Four artworks in Boston worth visiting on International Women’s Day, according to a local expert

The founder of women-focused Shady Ladies Tours serves as your guide to the MFA.

The Museum of Fine Arts, Boston.
The Museum of Fine Arts, Boston. –Jean Nagy / Staff

According to Andrew Lear, it started with Dr. Ruth.

Lear, founder of the Shady Ladies Tours, remembers leading media personality and sex therapist Ruth Westheimer on a private tour of the Metropolitan Museum of Art in New York when it struck him. 

“As I was showing her around the museum I said, ‘I keep showing you all these courtesans. Do you think I could give a tour called The Shady Ladies of the Metropolitan about courtesans and all these mistresses?’ And [Westheimer] said, ‘That would be popular,’” Lear remembered. “And I thought, ‘Oh my God. I have an idea that Ruth Westheimer thinks would be popular.’”


Lear, who had started his gay history tour company Oscar Wilde Tours two years prior, intended for the Shady Ladies Tour to be a one-time experiment. He created a listing on Eventbrite, promoted the event on Facebook, and then watched it sell out.

“I thought, ‘Hm. That’s kind of intriguing. Let’s try it again.’ And it sold out again,” Lear said. “And I can tell you, it was still sold out this Sunday, three years later.”

From that one-off event in 2016, a collection of tours and events having to do with women’s history through art has blossomed. Shady Ladies Tours now has multiple tours in New York, as well as offerings in Paris, Philadelphia, and Boston.

The Boston tour takes place at the Museum of Fine Arts, which Lear said is home to “a very rich collection about women. He described the Boston Shady Ladies tour as being full of “scandalous women or sexy sides of art that people don’t notice,” women artists, powerful women in art, and a little bit of fashion.

The two-hour jaunt takes participants through the museum’s collection of Ancient Greek, Renaissance, Egyptian, 18th-century, and American art. The company employs four guides, but Lear, a Harvard graduate who splits his time between New York City and Boston, always leads the MFA tour. He hosts them once a month on Wednesday evenings, when free museum admission allows for a better tour ticket price, and lesser crowds allow for larger groups and quieter halls.


In the spirit of boundary-pushing women, Lear has selected four MFA artworks to visit on International Women’s Day, which falls on Friday, March 8 this year. While a more modern institution may seem like the better destination to find examples of women pushing the envelope, Lear said “that’s not true at all.”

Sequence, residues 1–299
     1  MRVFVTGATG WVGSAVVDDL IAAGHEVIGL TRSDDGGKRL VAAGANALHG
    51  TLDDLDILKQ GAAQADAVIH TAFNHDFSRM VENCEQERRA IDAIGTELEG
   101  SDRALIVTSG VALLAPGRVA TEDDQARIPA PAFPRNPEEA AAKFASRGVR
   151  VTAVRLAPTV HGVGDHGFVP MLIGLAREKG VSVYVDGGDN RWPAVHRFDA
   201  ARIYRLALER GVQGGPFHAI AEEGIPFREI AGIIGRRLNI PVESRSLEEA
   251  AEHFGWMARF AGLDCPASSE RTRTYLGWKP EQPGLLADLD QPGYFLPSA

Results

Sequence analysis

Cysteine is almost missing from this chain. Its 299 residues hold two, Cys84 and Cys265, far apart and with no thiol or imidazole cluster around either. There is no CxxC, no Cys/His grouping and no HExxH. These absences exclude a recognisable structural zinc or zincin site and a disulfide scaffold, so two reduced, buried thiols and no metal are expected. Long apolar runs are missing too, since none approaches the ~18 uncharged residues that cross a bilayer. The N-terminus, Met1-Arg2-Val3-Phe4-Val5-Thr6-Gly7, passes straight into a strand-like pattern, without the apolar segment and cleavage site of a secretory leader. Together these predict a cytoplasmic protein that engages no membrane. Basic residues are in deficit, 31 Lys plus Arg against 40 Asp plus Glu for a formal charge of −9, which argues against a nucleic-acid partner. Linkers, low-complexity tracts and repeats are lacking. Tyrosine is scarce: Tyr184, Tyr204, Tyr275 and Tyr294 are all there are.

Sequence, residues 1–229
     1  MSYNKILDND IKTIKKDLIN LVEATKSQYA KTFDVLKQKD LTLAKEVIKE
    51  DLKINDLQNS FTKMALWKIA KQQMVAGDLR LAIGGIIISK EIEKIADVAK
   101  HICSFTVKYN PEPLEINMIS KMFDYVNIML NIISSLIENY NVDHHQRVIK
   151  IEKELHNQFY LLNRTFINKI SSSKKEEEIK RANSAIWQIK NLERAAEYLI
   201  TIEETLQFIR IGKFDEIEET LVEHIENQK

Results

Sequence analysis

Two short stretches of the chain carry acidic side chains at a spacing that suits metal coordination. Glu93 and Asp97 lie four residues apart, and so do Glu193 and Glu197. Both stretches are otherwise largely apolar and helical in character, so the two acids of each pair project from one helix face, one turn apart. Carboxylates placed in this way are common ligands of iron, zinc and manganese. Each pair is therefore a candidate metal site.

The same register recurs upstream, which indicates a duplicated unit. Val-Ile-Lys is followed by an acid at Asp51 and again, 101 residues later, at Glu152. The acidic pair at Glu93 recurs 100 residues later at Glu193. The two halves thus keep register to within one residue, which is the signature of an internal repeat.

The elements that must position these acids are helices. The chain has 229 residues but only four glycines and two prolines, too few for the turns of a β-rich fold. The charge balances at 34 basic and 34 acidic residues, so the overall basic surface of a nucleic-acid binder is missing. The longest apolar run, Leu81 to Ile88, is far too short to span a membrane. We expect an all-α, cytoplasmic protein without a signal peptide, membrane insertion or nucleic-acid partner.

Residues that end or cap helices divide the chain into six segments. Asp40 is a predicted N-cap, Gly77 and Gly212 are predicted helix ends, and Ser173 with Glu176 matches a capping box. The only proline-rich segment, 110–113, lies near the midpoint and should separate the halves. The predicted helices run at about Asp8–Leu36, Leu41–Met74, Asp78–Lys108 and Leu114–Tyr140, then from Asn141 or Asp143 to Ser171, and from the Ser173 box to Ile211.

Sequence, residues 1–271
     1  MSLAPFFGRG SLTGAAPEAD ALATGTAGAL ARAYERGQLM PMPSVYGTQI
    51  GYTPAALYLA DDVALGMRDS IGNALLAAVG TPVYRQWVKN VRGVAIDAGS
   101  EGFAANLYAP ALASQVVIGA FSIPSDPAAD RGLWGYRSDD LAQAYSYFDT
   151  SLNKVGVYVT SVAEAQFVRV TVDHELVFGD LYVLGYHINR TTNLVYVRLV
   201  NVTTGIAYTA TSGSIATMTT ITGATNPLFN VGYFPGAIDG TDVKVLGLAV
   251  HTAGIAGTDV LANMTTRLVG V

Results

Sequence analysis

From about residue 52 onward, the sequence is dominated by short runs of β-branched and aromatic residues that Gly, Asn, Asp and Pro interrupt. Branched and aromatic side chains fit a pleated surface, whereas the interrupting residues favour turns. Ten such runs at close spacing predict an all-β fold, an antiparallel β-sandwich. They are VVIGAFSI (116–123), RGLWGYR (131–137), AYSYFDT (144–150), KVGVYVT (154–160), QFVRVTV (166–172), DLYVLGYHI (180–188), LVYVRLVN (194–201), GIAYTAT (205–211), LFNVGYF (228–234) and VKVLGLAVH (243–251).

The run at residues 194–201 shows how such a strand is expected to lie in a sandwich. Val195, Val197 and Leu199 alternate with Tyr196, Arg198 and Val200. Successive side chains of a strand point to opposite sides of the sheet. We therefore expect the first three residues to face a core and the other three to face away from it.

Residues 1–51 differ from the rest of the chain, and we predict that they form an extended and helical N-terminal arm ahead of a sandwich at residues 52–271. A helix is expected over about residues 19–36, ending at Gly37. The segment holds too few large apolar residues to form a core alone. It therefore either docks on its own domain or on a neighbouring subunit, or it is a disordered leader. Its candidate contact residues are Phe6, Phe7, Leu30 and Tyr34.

“The MFA is exactly where you would go look for it,” he said.

Bust of Cleopatra,” Pier Jacopo Alari Bonacolsi

This work is not prominent for who shaped it, but for its likely owner. Lear said this Renaissance-era bronze bust of the late Egyptian ruler is significant because he and the MFA believe it was owned by Isabella d’Este, a “powerhouse woman” of the Renaissance.

“The cool thing is it’s very unusual in history that you get a powerful woman using a powerful woman from the past as a kind of coaching figure,” Lear explained. “For some reason, that’s just not a trope. But this is an example. It’s pretty clear that she was ruling Mantua in a world in which women did not rule anything, and she had this bust of Cleopatra in her study.”

“In the Loge” by Mary Stevenson Cassatt. —Museum of Fine Arts, Boston

In the Loge,” Mary Stevenson Cassatt

Like many painters of the 19th century, Cassatt received formal training in Europe. However, she was one of three women, and the only American, to join the band of French Impressionists, according to the MFA. “In the Loge” was Cassatt’s first Impressionist painting to be put on view in the United States.

“It’s what I think is part of a series of Cassatt’s paintings where women behave in a surprisingly and forcefully purposeful way, reversing traditional behavior,” Lear observed. “Your traditional view of 19th-century opera is of women looking to other women or flirting. Instead, there’s a man looking at her, but she’s ignoring him. She’s watching the performance.”

Sleeping Faun,” Harriet Goodhue Hosmer


Hosmer, one of the earliest professional female sculptors, hailed from Watertown.

“She’s an interesting member of a kind of glitterati world of the 19th century and she was just considered very scandalous because she insisted on sculpting from the nude, which was just considered unfeminine,” Lear said. “And the MFA does have one of her nudes.”

“Sleeping Faun” shows a languid figure draped over a tree stump. Grapes and a panpipe lay at his feet.

“It is not nude in the sense that it’s genitalia, but it’s sort of nude,” Lear said. “Nude enough to be scandalous for the 19th century.”

“Self Portrait” by Ellen Day Hale. —Museum of Fine Arts, Boston

Self Portrait,” Ellen Day Hale

“She really seems to be looking at you, looking right at you and saying, ‘Yeah, what do you want to make of it?’” Lear said of this work. “It’s a woman demanding the room to define herself.”

Hale was the daughter of abolitionist and writer Edward Everett Hale, but also came from a line of prominent women. Her great aunt Harriet Beecher Stowe authored “Uncle Tom’s Cabin,” and her first cousin Charlotte Perkins Gilman wrote “The Yellow Wallpaper.”

She lived in an entirely female household that was not financially supported by men, a situation that has been dubbed a Boston Marriage.

“To us, it’s obscure whether this means a lesbian couple or not,” Lear said. “We just don’t know with these women-women households of the 19th century.”